Procurement rotation: let’s analyse the rule to provide some clarity

The principle of rotation in awarding contracts has always been a cardinal principle in public law. The legislator’s rationale is clear and unmistakable: to subtract from the availability of contracting authorities as much discretion as possible in the choice of contractors and to discourage the fidelity of economic relations between entities and private entities that is ill-suited to public law principles. The principle in question is not the child of the latest reform but can already be found both in the ‘old code’ and in the ANAC directive no. 4, points 3.6. and 3.7, widely recognised as a reference for legislative integration. In point 3.6 ANAC emphasised that ‘the principle of rotation of awards and invitations shall be applied, with reference to the award immediately preceding the one in question, in cases where the two awards, the previous one and the current one, have as their object a contract falling within the same commodity sector, or within the same category of works, or even within the same sector of services. In any case, the application of the rotation principle cannot be circumvented, with reference to the assignments made in the last three calendar years…”. Point 3.7 specified how the re-invitation of the outgoing contractor should in any case be of an exceptional nature and thus carry a “stringent justification”.

The modern Article 49 paragraph I reiterates the principle of rotation as a universal rule, but then gives way to a series of exceptions a moment later. Let us begin with Paragraph II, according to which “it is forbidden to award or award a contract to the outgoing contractor in cases where two consecutive awards have as their object a contract falling within the same product sector, or the same category of works, or the same service sector”.

If at a first reading it seems to be a recalculation of the previous legislation, this is not the case, since it is clear that according to Guideline No. 4 the outgoing contractor had to be excluded for at least three years, whereas now he only has to skip one round of tenders and again he can be in like everyone else! But let us move on.

Paragraph III of the same article states that ‘the contracting station, by its own measure, may divide the assignments into bands on the basis of economic value and rotation shall apply with reference to each band’. Therefore, if the contracting stations draw up such a regulation, the general principle of rotation becomes a relative principle limited to each band, thus enabling the entities, with a minimum variation in the amounts of the award, to continue the collaboration with the outgoing user…(!).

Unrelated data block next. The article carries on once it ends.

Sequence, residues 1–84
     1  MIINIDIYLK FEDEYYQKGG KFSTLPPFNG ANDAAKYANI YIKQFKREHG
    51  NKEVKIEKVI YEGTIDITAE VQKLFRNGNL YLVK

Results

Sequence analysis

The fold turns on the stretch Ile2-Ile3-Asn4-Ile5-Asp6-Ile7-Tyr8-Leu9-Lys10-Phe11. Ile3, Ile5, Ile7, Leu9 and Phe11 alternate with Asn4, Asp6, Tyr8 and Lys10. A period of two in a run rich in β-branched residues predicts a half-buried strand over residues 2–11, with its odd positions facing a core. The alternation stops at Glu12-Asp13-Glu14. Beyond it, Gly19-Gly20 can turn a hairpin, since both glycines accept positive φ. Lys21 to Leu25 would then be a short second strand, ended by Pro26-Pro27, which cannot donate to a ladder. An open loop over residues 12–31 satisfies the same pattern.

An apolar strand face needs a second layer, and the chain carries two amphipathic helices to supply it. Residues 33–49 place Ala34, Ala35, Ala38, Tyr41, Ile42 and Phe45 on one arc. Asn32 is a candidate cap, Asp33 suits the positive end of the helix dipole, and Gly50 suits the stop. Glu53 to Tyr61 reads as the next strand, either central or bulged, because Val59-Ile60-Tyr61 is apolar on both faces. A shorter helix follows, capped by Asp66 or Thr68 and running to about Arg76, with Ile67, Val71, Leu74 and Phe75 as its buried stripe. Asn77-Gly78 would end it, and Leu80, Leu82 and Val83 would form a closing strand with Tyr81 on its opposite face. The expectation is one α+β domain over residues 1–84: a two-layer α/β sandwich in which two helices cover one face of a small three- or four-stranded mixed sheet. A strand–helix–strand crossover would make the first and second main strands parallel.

Paragraph IV: “In justified cases with reference to the structure of the market and the actual absence of alternatives, as well as the accurate performance of the previous contract, the outgoing contracting party may be re-invited or be identified as the direct contractor”.

The novelty is evident since it is now merely stated that “in justified cases” (a wording that alone leaves a wide scope for action, losing even the qualification of the stringent justifications required in the past) the outgoing contractor may be reinvited.

The attempt to limit discretion by reference to market structure and the actual absence of alternatives is decidedly bland as these are expressions that can potentially contain everything but also its opposite.

So, to recapitulate, the new code has deliberately opened a window (but perhaps also a door) both to the freedom of choice of the contractor (for example, for assignments below EUR 5,000.00, the principle of rotation may also be waived) and to the possible continuity in collaborations with public administrations. This is without wishing to judge the choice made, but only to focus on the principles with which contracting officers must interface.